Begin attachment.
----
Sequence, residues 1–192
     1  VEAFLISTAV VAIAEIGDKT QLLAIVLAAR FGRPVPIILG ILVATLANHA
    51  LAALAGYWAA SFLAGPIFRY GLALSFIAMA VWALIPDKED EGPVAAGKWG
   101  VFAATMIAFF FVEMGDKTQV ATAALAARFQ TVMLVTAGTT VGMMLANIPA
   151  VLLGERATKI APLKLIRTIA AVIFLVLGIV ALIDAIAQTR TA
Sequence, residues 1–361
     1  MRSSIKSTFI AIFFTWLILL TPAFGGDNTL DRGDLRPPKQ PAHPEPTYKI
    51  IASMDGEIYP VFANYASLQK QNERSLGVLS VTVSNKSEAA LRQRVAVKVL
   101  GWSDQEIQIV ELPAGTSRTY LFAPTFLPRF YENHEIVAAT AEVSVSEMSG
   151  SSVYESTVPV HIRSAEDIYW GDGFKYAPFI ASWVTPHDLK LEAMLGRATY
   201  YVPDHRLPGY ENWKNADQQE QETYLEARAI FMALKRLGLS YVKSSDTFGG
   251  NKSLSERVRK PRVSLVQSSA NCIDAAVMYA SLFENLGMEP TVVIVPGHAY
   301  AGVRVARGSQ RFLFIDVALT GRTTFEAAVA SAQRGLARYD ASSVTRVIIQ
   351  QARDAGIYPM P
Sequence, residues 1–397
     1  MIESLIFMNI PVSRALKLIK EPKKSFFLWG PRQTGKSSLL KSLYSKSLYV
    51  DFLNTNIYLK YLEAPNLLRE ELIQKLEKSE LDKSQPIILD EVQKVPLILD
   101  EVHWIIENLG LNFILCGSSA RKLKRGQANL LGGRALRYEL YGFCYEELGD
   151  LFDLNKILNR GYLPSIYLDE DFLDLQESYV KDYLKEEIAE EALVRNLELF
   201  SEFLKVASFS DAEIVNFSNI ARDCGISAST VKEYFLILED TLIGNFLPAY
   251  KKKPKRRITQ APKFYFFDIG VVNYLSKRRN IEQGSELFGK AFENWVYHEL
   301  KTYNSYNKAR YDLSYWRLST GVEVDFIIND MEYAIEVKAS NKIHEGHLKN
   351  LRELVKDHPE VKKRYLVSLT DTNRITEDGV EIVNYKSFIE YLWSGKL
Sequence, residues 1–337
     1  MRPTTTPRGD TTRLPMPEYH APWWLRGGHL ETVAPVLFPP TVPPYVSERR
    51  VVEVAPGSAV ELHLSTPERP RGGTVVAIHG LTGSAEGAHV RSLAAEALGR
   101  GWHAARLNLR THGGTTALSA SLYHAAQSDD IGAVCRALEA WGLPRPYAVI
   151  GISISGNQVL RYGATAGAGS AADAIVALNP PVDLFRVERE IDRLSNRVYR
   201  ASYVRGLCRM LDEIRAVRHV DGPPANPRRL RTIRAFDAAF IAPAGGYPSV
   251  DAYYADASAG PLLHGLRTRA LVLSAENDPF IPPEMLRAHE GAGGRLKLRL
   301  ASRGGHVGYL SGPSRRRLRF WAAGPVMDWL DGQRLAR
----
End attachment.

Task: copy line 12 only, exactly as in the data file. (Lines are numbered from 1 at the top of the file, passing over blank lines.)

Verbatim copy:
   251  NKSLSERVRK PRVSLVQSSA NCIDAAVMYA SLFENLGMEP TVVIVPGHAY